Pig producers benefit from seasonal price increases
Scottish pig producers are benefitting from the usual seasonal increase in prime pig prices.
Despite rising 2.5% over the past month, the current price is still 11 p/kg deadweight tonnage (dwt) lower than last year.
This follows pig prices returning to what was described as a more “normal” seasonal pattern in 2017.
European prime pig prices are also showing a seasonal upturn this year, but are said to be well below year-earlier levels.
The level of shortfall against last year is said to be much higher across Europe than in the UK.
According to Stuart Ashworth, Quality Meat Scotland (QMS) director of economics services, the recent increase in price has come despite a 5% year-on-year increase in the volume of pigs reaching UK abattoirs.
This is increasing carcase weights which has led to an increase in domestic fresh pork availability.
Ashworth commented: “Firstly, customs data indicates lower imports of pigmeat and pigmeat products and some growth in exports which, despite the growth in home production, resulted in lower overall availability on the home market.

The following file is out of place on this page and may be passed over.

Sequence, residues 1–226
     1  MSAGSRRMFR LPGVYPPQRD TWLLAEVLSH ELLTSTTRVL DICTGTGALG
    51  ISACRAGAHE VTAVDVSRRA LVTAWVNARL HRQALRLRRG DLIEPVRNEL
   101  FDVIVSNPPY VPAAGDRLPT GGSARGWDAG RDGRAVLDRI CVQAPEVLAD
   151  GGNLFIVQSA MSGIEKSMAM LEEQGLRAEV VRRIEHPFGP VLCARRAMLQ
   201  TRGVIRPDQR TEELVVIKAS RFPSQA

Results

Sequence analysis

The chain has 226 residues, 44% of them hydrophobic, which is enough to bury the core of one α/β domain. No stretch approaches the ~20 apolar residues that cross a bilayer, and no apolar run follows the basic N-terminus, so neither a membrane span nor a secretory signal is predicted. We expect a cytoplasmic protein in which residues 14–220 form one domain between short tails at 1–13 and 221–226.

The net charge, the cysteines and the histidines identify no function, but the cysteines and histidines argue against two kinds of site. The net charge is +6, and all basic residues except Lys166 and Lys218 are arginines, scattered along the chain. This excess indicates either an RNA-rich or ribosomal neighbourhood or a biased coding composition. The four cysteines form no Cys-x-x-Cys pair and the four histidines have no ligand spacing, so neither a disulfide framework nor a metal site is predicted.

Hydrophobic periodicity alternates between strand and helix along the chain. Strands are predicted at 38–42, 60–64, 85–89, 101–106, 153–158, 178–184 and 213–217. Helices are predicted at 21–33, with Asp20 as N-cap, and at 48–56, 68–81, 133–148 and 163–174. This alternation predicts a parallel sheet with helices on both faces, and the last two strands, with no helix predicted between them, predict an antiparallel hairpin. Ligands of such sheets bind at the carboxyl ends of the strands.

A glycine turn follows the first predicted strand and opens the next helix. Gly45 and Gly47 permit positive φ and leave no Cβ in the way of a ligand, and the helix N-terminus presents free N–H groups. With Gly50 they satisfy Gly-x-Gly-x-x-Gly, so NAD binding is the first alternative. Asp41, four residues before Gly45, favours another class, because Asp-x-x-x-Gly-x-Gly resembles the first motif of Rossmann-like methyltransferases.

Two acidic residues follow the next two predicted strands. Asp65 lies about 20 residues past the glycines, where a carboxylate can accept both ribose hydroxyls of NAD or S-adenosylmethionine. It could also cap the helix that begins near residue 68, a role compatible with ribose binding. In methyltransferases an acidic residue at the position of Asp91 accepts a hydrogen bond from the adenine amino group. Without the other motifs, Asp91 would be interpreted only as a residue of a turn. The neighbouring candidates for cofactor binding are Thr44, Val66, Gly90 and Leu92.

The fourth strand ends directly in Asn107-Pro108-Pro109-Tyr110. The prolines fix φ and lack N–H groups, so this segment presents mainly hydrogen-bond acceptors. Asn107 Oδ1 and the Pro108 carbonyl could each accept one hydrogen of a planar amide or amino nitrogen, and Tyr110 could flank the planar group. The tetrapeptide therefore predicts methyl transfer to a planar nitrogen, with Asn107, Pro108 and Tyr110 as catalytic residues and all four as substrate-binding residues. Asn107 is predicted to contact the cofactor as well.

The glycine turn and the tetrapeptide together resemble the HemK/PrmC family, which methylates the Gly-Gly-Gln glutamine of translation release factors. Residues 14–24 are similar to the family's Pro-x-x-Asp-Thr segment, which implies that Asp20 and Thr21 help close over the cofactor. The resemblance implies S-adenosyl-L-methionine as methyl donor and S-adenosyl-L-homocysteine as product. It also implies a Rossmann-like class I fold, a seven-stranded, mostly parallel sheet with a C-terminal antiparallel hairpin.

“Secondly, Kantar Worldpanel retail purchase data shows growth in purchases of processed pigmeat, bacon, sausage and ready meals, but there has been reduced consumption of fresh pork, particularly roasting joints.”
The US claims to be the second largest supplier of pigmeat onto the global market after the EU, and following from expansion in production, is expected to grow its exports during 2018.
Recent global weather conditions, including drought in some of the US and similar water issues in Australia combined with an oversupply of water in Argentina, has disrupted its harvest, leading to higher future prices for grains and oilseeds.
“Domestically the late spring is contributing to strengthening grain prices as well. Consequently, the seasonal rise in prime pig prices is welcome but because of rising feed and energy prices margins are under renewed pressure,” concluded Ashworth.